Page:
Onward maps show which routes you can take from a specific place, whether a transport interchange or town centre, and are often displayed. The best example are ‘spider maps’ that simplify route information in the surrounding area. These topological maps often combine a zoomed in normal map in the centre showing ‘where to board your bus’. Look at the borough bus maps from Transport for London, or this cycling map from Eurostar showing routes from St Pancras station to see how these work.
An easy way to make topological maps is to use the layer function in graphics programs. Import a map of the area you want to cover then create a separate vector layer. Start by tracing straight lines on this layer between points on the map beneath it and then consider simplifying the lines so that they are either horizontal, vertical or diagonal. Or for an even simpler version just draw the lines yourself without any map behind them.
Whether it's a doctor's surgery, stately home or business, chances are there will be some 'how to find us' information on a website and leaflets. Influencing the content of these is not just about ensuring people are aware of different options, it's an excellent bottom up way to influence people's perceptions about different means of getting about. Just as having bike racks tucked around a corner or a bus stop away from a main entrance tends to mean these options are overlooked, so having these forms of travel at the bottom of a list is a lost opportunity. Encouraging places to think about the travel information they provide can be a good first step to engaging them to think a bit more, such as considering travel plans.
So why not encourage organisations to list healthy forms of travel such as walking and cycling first and then driving last? How to produce active travel directions (pdf) is a good resource that sets out this and other relevant principles, although the links are a bit dated.
Other travel information
Timetable and route information
Timetables can be very complicated for some people to use. Although on-line planners and live travel information are increasingly useful, there's still a need for timetables, which some people can find difficult to use. Although public transport operators may provide summary tables for main destinations, they might not for your local stop. So producing a summary for your local area can be a good idea, see for example this publication from Staveley (pdf), which is designed to be printed off and put on a fridge door. Similarly you could also produce information about the route(s) that operate in your area, such as how long it takes to get to each place from your locality.
This sort of information can be useful whether it's displayed on the roadside or within a publication for your area, such as the local newsletter. There are lots of different ways you can present travel information and there are new ways to do this, such as using Quick Response codes. More ideas are available from ITO's page on publicising transport.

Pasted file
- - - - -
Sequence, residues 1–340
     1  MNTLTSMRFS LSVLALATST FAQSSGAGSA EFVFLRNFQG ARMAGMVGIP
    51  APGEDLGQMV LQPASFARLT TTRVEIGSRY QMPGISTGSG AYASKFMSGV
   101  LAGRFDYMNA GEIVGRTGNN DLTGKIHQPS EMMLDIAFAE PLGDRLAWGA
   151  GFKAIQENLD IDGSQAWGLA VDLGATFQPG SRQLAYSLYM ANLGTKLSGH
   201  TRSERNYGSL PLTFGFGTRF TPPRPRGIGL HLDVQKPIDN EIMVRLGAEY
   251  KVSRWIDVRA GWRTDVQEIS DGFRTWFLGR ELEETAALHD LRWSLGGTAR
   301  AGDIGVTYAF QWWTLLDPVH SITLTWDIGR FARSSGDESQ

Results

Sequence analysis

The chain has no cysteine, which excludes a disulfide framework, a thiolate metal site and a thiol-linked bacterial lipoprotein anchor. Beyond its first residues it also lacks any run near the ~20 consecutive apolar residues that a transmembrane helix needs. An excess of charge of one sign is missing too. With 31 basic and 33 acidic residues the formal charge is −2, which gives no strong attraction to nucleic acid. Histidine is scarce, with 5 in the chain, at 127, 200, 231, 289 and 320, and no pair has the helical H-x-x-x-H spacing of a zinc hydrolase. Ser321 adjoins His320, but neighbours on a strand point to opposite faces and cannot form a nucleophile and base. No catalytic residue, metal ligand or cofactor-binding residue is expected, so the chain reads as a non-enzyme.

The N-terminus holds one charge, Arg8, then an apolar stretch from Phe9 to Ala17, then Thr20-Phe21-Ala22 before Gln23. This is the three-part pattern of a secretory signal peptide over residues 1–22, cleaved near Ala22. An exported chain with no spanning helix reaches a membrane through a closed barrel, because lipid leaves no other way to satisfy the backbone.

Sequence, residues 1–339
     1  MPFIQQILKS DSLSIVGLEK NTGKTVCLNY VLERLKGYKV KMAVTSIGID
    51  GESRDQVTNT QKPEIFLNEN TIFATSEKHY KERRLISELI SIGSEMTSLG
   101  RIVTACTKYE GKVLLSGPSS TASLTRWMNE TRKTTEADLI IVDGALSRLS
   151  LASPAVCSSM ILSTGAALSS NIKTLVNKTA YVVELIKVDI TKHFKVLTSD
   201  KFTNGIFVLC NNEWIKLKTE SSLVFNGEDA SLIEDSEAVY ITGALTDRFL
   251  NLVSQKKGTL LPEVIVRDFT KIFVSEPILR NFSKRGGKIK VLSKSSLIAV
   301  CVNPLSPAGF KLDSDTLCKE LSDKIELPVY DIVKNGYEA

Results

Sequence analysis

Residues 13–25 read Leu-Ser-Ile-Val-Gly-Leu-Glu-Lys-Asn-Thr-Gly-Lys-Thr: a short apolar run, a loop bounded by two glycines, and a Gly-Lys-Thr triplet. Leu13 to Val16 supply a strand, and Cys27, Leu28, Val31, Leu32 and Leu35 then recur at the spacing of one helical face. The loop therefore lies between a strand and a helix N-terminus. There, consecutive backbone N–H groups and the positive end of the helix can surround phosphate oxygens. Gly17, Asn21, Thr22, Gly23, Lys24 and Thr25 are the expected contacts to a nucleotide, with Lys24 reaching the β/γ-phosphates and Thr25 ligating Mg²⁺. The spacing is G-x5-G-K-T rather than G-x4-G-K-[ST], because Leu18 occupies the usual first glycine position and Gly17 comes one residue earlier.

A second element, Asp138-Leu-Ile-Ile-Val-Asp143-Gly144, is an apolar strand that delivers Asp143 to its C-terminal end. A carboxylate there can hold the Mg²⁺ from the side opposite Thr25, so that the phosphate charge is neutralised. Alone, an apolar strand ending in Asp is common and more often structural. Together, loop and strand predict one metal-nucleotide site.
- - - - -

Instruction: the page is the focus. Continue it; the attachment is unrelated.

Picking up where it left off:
Ticketing and prices
It's not just rail fares that can be particularly complicated to get your head round. There are a myriad of options for bus fares too and, with the roll out of smart cards and mobile ticketing apps, it's not getting any simpler. So more than ever, it's important to give people information about how to get the best value when using public transport.
A good start is to provide a table comparing costs of different forms of travel, see for example the second page of this publication from Staveley (pdf). But don't forget to include other information such as:
- weekly and monthly passes, which can make everyday travel much cheaper
- local travel cards, which offer a discount on a specific line
- groupsave options, for example on many trains four can travel for the price of two
- advanced tickets for trains, which can be surprisingly cheap so long as you can book before you travel
- cost of different driving options such as car sharing and lift sharing, compared to the average annual cost of owning a car
- mileage allowances for different forms of travel - many people don't realise you can claim back 20p mile for some cycling journeys
Safety and security
Fears about safety and security can be real barriers to changing travel behaviour, particularly if someone has already had a bad experience. Do be careful how you present information, however, as you don't want to put people off. Risks can sound scary if there's no context.
- Advice on how to stay safe, see for example the training for safer cycling section
- Information about if you are left stranded, such as if you miss the last bus or if your bike breaks down
- Security information such as using immobilise to register your cycle or mobile phone to increase the chance of it being returned if stolen - www.immobilise.com
Finally don't forget to promote sustainable travel options as if you were selling a product. There are more ideas about the types of messaging and images you should and shouldn't use in the influencing travel choices section. There are lots of different ideas for such as posters and leaflets that sell the benefits of sustainable travel choices and make them more attractive, including leisure guides.